In the words of fashion icon Heidi Klum, “One day you’re in, the next day you’re out.”
These words were never truer for online marketers in 2016. Faced with another year of Google updates and marked changes in strategies for succeeding online, our third-annual Searchmetrics Winners and Losers report reveals that publishers with specific editorial direction and household-name websites like Wikipedia and Facebook were the biggest gainers of the year, while other informational sites showed marked declines in desktop search.
SEARCH TRENDS IN 2016
As with everything surrounding search and Google, the goal posts are constantly moving. Last year was no different. In 2016, we saw:
- Google’s Core Update in January
- Mobile Update 2 in May
- Phantom IV in June/July
- Penguin 4.0 in October
These led to large changes in yearly winning and losing trends for various domains. Some publishers, who were among the big winners of 2015, struck gold again in 2016 in terms of visibility. While Brexit, the U.S. presidential election cycle and other world events may have played a large role in their rise, Google’s efforts to ensure viewers receive what it deems more relevant information, more quickly is just as notable. On the other hand, Google Answer Boxes and the rise of mobile search likely contributed heavily to declining desktop visibility for encyclopedia pages, dictionary sites, translation pages and lyrics domains.
HOW WE ANALYZE THE DATA
This analysis is based on the SEO Visibility of each website, which Searchmetrics has developed as an elementary indicator for measuring a webpage’s performance in organic search. For our evaluation, we have analyzed how the SEO Visibility of all domains that are included in our Index over the course of the year.
Thereafter, we checked those domains that displayed the largest absolute change in SEO Visibility. This change again represents the domain’s trend over the entire course of the year. The lists of winners and losers is sorted by absolute change. In order to provide an idea of the dimension of this change – and to aid comparability – we have also indicated the percentage changes. We removed adult and unofficial streaming websites from both lists, as these sometimes appear among the top winners and losers, but are irrelevant for analysis because their status is not sustainable. Migrated domains have also been excluded.
IF YOU PIN IT, THEY WILL COME
Thanks to relatively steady economies and a host of global issues, including terrorism, immigration, elections and strong economic recoveries, many publishers and shopping sites experienced big gains in visibility last year.
Among the biggest winners? Pinterest.com, with its 150 million global users. The startup recently announced it is using deep learning, a precursor to artificial intelligence, to generate more relevant results that evolve based on user behavior. Like Apple, Google (and even Searchmetrics), Pinterest’s application of deep-learning techniques is a key step in helping software understand the ultimate intent of a user, thereby generating more loyalty and stickiness online.
Here’s the Top 100 Winners of 2016:
|Rank||Domain||Visibility gain in total||Visibility gain in %||Industry|
|1||google.com||2519956||24%||Search / Portal|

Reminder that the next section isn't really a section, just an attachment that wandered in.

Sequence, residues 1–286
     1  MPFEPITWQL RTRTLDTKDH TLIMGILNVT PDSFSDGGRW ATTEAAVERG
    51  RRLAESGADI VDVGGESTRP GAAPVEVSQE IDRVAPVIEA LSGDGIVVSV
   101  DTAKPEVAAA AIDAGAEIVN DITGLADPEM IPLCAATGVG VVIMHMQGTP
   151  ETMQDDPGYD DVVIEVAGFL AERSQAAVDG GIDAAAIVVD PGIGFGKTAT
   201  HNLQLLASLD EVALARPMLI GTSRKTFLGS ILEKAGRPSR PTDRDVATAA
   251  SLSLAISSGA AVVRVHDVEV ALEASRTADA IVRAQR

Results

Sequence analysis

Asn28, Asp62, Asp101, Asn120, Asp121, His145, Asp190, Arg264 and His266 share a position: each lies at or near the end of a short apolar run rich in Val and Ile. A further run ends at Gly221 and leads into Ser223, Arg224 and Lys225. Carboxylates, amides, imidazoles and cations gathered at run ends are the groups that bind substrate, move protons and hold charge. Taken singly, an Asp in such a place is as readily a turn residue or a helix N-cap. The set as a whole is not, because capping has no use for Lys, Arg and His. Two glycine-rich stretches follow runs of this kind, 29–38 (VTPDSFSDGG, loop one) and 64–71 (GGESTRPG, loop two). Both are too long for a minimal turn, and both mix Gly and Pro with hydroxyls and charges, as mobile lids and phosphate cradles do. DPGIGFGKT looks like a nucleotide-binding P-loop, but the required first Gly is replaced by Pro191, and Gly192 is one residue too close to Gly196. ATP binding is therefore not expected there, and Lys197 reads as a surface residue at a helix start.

|4||youtube.com||1207007||6%||Media & Events|
|7||medlineplus.gov||811674||new||Search / Portal|
|9||lifewire.com||693143||new||Media & Events|
|15||healthline.com||357911||39%||Media & Events|
|16||huffingtonpost.com||349834||20%||Media & Events|
|17||thebalance.com||301039||new||Media & Events|
|21||medicalnewstoday.com||232351||63%||Media & Events|
|24||fortune.com||218464||72%||Media & Events|
|25||nytimes.com||218351||12%||Media & Events|
|26||draxe.com||216520||202%||Media & Events|
|31||hotmail.com||202750||455%||Search / Portal|
|33||patient.info||195832||92%||Media & Events|
|34||tvguide.com||183129||27%||Media & Events|
|41||people.com||148558||20%||Media & Events|
|42||history.com||148443||15%||Media & Events|
|43||investopedia.com||144018||29%||Media & Events|
|45||makeuseof.com||141799||81%||Media & Events|
|46||delish.com||130714||103%||Media & Events|
|47||vetstreet.com||130270||208%||Media & Events|
|49||rogerebert.com||119074||45%||Media & Events|
|51||everafterguide.com||116551||new||Media & Events|
|52||aol.com||116450||26%||Search / Portal|
|53||cnbc.com||115890||27%||Media & Events|
|54||mirror.co.uk||115200||36%||Media & Events|
|59||howstuffworks.com||103296||31%||Media & Events|
|64||billboard.com||97777||19%||Media & Events|
|65||dogtime.com||96241||42%||Media & Events|
|68||usnews.com||89092||15%||Media & Events|
|70||thesun.co.uk||87694||176%||Media & Events|
|77||simplyrecipes.com||83162||62%||Media & Events|
|78||countryliving.com||82974||57%||Media & Events|
|82||latimes.com||81514||14%||Media & Events|
|84||vimeo.com||81221||14%||Media & Events|
|88||gamespot.com||79895||35%||Media & Events|
|89||livescience.com||79780||22%||Media & Events|
|91||travelandleisure.com||75931||111%||Media & Events|
|92||webmd.com||74080||3%||Media & Events|
|93||allrecipes.com||72262||6%||Media & Events|
|95||womenshealthmag.com||70739||52%||Media & Events|
|99||rollingstone.com||68694||19%||Media & Events|
|100||thedailybeast.com||68524||52%||Media & Events|
Selected Decliners of 2016:
The following is an overview of those pages that saw big declines in their organic Visibility in 2016. This does not necessarily mean that these pages have experienced losses in traffic or turnover; it is simply an indicator of the domain’s presence in non-paid search results of google.com.
|Domain||Visibility loss in total||Visibility loss in %||Industry|
|theatlantic.com||-1116087||-73%||Media & Events|
|about.com||-955798||-95%||Media & Events|
|newyorker.com||-440869||-31%||Media & Events|
|tv.com||-355030||-38%||Media & Events|